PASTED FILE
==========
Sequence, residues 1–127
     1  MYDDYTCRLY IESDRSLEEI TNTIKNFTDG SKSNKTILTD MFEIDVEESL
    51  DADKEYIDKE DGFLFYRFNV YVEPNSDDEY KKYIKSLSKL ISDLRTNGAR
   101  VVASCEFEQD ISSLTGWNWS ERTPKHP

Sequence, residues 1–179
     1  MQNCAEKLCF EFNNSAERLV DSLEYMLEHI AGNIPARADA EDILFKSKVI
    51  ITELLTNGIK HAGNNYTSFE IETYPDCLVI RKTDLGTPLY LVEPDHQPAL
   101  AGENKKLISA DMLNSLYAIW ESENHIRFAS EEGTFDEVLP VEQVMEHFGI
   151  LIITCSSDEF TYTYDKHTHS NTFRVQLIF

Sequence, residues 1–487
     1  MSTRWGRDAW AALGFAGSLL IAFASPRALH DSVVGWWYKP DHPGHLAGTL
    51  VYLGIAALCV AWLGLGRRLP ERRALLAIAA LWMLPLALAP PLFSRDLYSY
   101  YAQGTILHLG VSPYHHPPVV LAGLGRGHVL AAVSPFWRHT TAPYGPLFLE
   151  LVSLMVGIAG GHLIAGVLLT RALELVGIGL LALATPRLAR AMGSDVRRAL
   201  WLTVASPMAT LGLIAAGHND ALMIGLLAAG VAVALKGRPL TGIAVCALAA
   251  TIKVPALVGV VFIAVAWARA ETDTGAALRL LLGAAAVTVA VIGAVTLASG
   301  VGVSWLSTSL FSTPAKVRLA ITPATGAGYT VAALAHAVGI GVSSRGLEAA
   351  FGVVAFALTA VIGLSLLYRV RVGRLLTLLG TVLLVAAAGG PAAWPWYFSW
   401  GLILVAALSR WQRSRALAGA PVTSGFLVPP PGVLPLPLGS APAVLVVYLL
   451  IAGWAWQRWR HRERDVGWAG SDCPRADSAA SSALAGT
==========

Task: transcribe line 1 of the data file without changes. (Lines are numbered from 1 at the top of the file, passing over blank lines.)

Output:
Sequence, residues 1–127